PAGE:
Moving along, Chinese company TCL Communication, a mobile phone manufacturer and subsidiary of TCL Communication Tech Holdings Ltd. (HKG: 2618), is using transparent Wysips Crystal photovoltaic panels that are bonded into their phone screens. Wysips, which stands for “What You See Is Photovoltaic Surface,” is using the technology developed by SunPartner.

Together, they are developing a smartphone powered by both solar and artificial light. If it proves successful, this idea could be launched into handheld tablets and eventually even be used in businesses and whole buildings.

The present goal: use an hour of sunlight to provide enough power for 30 minutes of conversation, according to ZDNet.

TCL Communication presently supplies Alcatel (NYSE: ALU) with its OneTouch mobile phone and markets its devices in more than 120 countries.


Ascent Solar (NASDAQ: ASTI) is another one to keep an eye on, with its own proven thin-film CIGS photovoltaic technology that can be used on flexible plastic-based products. It’s efficient, durable, and lightweight.

EnerPlex is the term used on the consumer side of Ascent Solar, incorporating this technology into everyday consumer products, like your cell phone.

The company has an industry leading 11.4 percent conversion efficiency, according to the company, and provides the greatest power density and best power to weight ratio on any solar form factor.

In contrast, competing products using crystalline based solar technology are heavy, rigid and fragile.

Solar Chargers

If we take our focus off the consumer for a second, and instead look at infrastructure, and places around the world that are desperate for energy to power devices like a cell phone; places like sub-Saharan Africa – there is great opportunity.

U.S. based World Panel has unveiled a hand-held solar charger that proves extra handy in regions where electric power is a rarity.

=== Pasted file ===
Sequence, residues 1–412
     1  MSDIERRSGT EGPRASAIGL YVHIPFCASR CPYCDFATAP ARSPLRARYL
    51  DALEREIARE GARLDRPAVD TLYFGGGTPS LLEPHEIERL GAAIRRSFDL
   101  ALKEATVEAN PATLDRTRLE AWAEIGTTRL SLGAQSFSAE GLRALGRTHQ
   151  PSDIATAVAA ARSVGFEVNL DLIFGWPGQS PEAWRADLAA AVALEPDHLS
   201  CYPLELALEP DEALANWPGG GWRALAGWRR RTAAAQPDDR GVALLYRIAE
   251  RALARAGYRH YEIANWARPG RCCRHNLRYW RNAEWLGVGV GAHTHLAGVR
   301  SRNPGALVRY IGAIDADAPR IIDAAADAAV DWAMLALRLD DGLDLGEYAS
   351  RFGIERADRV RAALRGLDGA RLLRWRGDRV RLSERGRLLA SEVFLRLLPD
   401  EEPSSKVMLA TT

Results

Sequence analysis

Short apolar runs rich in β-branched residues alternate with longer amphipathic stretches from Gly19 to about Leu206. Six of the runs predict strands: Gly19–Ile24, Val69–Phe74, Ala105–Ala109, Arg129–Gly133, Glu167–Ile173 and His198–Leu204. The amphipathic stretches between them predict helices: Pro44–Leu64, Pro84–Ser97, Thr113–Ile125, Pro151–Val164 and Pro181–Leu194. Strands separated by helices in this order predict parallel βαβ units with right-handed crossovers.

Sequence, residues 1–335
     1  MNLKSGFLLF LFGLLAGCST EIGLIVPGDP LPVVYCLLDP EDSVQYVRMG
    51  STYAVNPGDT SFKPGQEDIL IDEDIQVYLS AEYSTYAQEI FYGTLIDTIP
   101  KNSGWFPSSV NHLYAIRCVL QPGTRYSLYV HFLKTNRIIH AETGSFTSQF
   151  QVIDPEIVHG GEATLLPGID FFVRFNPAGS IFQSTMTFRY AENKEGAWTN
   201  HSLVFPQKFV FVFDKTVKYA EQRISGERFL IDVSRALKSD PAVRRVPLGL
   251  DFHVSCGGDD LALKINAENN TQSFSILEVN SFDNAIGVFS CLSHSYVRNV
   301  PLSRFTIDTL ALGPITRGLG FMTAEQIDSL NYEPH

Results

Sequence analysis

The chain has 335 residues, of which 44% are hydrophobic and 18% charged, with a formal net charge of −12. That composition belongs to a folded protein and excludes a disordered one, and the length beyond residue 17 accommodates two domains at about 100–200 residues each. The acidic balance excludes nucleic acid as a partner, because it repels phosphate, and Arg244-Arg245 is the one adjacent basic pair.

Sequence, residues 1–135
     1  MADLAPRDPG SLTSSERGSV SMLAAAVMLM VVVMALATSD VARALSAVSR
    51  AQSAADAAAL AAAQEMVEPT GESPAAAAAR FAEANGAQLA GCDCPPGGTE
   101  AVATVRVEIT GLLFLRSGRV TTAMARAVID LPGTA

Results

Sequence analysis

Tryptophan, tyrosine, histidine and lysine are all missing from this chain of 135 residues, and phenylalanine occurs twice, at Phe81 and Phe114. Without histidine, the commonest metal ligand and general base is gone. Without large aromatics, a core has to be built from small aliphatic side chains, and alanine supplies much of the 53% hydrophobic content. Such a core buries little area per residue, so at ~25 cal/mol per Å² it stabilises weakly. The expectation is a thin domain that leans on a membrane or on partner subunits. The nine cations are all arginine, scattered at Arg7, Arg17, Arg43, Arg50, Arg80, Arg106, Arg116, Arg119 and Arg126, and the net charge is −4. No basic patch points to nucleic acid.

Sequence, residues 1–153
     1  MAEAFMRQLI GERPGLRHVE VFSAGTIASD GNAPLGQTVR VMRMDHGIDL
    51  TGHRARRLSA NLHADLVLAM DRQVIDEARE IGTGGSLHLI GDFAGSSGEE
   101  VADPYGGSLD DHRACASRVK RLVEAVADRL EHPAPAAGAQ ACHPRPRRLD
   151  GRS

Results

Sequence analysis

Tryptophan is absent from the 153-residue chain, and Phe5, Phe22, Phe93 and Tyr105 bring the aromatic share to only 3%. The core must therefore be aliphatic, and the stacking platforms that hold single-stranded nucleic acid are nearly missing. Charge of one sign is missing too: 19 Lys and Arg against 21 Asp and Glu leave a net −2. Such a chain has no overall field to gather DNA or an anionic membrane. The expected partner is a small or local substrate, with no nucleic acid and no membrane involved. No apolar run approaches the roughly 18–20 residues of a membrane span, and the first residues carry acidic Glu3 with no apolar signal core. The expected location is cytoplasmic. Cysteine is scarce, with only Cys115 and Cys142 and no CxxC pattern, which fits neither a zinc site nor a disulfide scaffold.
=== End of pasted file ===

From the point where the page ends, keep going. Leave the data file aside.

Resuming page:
This new device can charge your phone, tablet – virtually anything that runs on electricity – all from technology it has developed and harnessed from the sun. The company claims that up to ten phones can be charged in a single day, and are built to endure the harshest environmental conditions, much like those found in Sub-Saharan Africa.
In places like this, the electricity supply is almost nonexistent. Even for those who do have access to electricity, it is unreliable, and mostly comes from a generator.

The device is relatively small, and can easily fit into a backpack, so it is always with you on your journey. The company even provides a clear on-the-go pack to make transport easy, while harnessing the sun’s power.

The Investment

Clearly, with as much buzz as there is around the sun, as long as it doesn’t burn out on us, it’s good for business, and what’s good for business is good for us.

Even better: we’re still in the inchoate stages of harnessing and realizing the full potential of the sun.
Companies like the ones I’ve mentioned are just beginning to showcase what they can do with solar energy.

SunPartner alone is working with large phone companies and is expected to ink more deals in the coming months, and it’s all because of solar energy.

We won’t see solar in the Apple iPhone 6, but at the rate things are moving, we’ll definitely see it in the iPhone 7, 7s, or 8.

Don’t let the sun go down on you.